4. Oh! Right. You reminded me. She is also terrified of guys with facial hair (although, she’s learning to deal with that more) and guys wearing hats, cowboy hats (yes we see them in Williamsburg! Hipsters!) are the worst for her.

    Poor dog.


  5. I second Susan Sabo! :)

    My apologies if I’m over stepping here but unfortunately once my dogs get a taste of something, it usually does not stop there. I cannot count how many board books have been obliterated by them. You might want to keep an extra eye on the beloved stuffies. Dogs are seldom every choosey when it comes to destruction ;)


  6. Oh, no overstepping. And she has torn apart a great number of things, including my 17-year-old Birkenstocks. FOR SHAME!

    Can I ask a REALLY newbie question? How does one train a dog, she’s not a puppy anymore! to NOT chew? Basically, I need to teach an old, once wild dog new tricks. Sorta.

    We have the stuffies that matter on the top bunk or put away safely behind the humming heater. ha ha ha

    Poor crazy dog.


  7. Teaching a dog not to chew (puppy or no) is a matter of 1) giving them something they’re allowed to chew and then 2) not letting them chew anything else, ever.

    It sounds like I’m making it sound simpler than real life makes it. I will admit that I’ve never had a chewer though my adult rescue will occasionally put his mouth on stuff that’s not his to see what I’ll do. He never goes so far as to actually chew it, but he touches it. But I’ve had other issues that are resolved similarly. Make no mistake, she is perfectly capable of discerning ‘hers’ from ‘not hers’ and capable, with practice, of exerting self control to not use stuff that’s not hers.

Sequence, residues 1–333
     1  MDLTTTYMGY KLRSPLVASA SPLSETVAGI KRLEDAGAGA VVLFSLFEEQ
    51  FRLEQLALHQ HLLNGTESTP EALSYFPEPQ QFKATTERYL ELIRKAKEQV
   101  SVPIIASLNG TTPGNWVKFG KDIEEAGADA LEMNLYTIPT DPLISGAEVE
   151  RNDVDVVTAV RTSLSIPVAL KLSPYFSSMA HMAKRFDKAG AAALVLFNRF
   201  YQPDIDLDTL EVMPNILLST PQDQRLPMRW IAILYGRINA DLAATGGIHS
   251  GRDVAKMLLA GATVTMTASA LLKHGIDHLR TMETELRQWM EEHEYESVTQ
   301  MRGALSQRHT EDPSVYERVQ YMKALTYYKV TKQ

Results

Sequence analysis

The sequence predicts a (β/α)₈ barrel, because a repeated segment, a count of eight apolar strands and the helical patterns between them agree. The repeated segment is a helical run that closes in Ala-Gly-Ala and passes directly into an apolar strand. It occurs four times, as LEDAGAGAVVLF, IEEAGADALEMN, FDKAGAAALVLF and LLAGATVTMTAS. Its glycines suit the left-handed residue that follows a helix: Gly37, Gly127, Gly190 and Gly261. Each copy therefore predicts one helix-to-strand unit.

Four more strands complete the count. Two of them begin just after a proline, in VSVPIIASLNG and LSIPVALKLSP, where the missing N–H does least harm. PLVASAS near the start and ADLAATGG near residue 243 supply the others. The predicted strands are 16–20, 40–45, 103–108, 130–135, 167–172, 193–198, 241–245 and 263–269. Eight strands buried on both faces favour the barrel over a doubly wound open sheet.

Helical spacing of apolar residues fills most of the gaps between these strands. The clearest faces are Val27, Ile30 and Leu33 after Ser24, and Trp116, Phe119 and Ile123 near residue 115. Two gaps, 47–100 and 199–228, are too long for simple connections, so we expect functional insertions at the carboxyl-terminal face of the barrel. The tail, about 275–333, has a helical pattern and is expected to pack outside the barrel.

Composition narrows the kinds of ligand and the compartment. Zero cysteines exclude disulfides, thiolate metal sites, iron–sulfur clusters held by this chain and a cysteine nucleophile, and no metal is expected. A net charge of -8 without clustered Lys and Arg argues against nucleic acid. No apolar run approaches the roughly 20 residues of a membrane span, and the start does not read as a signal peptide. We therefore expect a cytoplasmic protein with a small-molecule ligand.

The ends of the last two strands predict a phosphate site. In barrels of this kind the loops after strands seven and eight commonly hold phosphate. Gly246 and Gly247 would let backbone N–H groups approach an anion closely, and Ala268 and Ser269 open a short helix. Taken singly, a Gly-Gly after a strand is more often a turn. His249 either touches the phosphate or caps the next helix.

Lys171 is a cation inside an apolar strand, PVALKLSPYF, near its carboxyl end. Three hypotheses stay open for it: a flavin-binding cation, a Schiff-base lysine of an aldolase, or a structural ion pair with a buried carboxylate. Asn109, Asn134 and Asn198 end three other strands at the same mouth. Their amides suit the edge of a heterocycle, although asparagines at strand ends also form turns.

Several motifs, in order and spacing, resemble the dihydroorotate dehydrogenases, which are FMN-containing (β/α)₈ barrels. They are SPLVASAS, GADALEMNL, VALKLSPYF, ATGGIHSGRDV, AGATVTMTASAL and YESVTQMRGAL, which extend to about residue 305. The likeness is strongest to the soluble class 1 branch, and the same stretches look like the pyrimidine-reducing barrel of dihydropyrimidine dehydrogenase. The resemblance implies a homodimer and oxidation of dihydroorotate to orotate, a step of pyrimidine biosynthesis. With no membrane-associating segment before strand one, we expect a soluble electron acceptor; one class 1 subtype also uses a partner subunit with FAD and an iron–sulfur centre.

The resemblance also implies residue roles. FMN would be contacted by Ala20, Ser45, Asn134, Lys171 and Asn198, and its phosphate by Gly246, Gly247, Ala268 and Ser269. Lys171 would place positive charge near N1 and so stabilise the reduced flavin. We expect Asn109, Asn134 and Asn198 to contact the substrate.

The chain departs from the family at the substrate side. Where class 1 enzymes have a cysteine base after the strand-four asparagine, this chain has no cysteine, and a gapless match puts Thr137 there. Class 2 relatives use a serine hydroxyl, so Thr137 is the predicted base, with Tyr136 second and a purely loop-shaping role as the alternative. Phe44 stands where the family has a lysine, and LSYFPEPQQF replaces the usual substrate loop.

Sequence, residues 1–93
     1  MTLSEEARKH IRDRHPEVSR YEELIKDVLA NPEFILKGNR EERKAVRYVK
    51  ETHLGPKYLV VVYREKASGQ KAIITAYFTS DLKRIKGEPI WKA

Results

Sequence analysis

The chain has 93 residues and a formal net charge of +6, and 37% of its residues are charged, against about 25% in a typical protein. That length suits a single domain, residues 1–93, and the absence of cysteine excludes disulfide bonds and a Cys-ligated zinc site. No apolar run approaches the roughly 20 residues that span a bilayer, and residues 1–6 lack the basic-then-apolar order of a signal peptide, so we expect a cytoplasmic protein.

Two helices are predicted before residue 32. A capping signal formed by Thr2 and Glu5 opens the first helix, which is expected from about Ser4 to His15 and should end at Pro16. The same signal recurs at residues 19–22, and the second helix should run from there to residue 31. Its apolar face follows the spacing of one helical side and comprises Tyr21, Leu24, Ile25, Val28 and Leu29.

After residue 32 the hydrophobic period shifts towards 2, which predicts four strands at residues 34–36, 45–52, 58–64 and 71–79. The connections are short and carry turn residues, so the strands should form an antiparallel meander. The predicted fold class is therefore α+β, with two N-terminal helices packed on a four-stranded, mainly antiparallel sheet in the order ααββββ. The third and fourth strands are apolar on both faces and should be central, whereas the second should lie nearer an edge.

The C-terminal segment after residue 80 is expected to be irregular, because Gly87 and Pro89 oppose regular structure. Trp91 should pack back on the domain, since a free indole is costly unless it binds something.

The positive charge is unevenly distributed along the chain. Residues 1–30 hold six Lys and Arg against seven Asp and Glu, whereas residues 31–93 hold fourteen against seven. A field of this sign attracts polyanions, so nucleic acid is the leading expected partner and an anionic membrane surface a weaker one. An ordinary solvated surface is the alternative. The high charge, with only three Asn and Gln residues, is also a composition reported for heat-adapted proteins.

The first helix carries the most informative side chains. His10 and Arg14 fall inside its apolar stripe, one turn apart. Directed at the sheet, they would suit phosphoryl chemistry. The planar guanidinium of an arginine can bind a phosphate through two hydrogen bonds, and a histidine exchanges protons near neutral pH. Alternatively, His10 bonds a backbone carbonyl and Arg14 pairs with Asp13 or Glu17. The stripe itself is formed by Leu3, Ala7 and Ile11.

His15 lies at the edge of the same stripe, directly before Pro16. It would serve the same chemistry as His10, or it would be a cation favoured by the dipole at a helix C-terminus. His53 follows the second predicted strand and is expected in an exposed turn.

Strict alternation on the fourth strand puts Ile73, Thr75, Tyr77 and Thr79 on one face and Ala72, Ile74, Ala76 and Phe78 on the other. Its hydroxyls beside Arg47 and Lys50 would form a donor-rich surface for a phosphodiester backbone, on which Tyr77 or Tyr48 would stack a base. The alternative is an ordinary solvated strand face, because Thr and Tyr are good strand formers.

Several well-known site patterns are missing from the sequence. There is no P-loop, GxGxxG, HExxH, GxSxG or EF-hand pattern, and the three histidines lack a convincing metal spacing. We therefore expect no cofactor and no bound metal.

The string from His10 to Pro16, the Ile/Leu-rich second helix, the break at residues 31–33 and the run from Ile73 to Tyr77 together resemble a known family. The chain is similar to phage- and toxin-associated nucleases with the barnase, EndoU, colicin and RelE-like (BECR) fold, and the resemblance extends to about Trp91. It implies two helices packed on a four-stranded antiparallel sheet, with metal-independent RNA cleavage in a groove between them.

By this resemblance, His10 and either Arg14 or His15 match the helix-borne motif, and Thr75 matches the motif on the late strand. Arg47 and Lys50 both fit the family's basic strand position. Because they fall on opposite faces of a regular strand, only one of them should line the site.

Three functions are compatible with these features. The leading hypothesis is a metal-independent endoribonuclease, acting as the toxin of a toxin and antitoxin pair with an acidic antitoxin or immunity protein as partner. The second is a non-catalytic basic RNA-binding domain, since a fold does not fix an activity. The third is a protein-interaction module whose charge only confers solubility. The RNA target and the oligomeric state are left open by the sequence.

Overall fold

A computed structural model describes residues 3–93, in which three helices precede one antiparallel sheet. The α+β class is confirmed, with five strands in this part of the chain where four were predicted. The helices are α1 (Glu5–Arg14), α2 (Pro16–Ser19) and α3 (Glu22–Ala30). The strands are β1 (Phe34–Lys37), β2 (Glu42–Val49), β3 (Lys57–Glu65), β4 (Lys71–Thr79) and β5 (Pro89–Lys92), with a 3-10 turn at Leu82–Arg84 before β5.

1. Put away stuff you can’t bear to lose.
    2. Spray everything else (that won’t be ruined) with something she can’t bear the taste of. Bitter apple or tobasco.
    3. Any time she considers putting her mouth on something that isn’t hers, ‘claim’ it – a la Dog Whisperer. (videos via YouTube – you won’t have to watch more than 3 episodes to see how he claims things/places/people).

    Try not to feel sorry for her because of her past. Pity/sympathy is not a healing thing. Dogs really do live in the now. Not that she doesn’t remember – but most of her reactions are knee-jerk reactions, things she’s conditioned herself to do. Even if she’d had a delightful puppyhood free of abuse and trauma and fear, she might turn out to have hang-ups. Lots of dogs do. The best way to help her through it is to stop her reaction and desensitize her through repeated successful exposure.


  8. @mihow & @missy

    omg that blog post you linked to… when i was packing my apartment, henry got so depressed and sad. i had to keep oscar around to keep him semi-active. he was so stressed and nervous and mopey. dogs totally hate moving.